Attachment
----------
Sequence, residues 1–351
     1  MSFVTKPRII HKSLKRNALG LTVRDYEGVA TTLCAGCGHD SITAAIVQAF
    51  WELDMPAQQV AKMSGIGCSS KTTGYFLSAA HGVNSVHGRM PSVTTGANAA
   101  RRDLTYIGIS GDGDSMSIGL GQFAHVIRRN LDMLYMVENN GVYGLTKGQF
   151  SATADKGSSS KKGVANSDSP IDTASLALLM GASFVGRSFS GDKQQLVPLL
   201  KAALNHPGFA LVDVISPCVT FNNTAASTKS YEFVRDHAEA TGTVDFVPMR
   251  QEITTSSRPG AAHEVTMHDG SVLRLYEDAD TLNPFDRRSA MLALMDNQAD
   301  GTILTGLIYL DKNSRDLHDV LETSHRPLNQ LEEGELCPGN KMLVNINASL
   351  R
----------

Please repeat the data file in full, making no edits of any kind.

Sequence, residues 1–351
     1  MSFVTKPRII HKSLKRNALG LTVRDYEGVA TTLCAGCGHD SITAAIVQAF
    51  WELDMPAQQV AKMSGIGCSS KTTGYFLSAA HGVNSVHGRM PSVTTGANAA
   101  RRDLTYIGIS GDGDSMSIGL GQFAHVIRRN LDMLYMVENN GVYGLTKGQF
   151  SATADKGSSS KKGVANSDSP IDTASLALLM GASFVGRSFS GDKQQLVPLL
   201  KAALNHPGFA LVDVISPCVT FNNTAASTKS YEFVRDHAEA TGTVDFVPMR
   251  QEITTSSRPG AAHEVTMHDG SVLRLYEDAD TLNPFDRRSA MLALMDNQAD
   301  GTILTGLIYL DKNSRDLHDV LETSHRPLNQ LEEGELCPGN KMLVNINASL
   351  R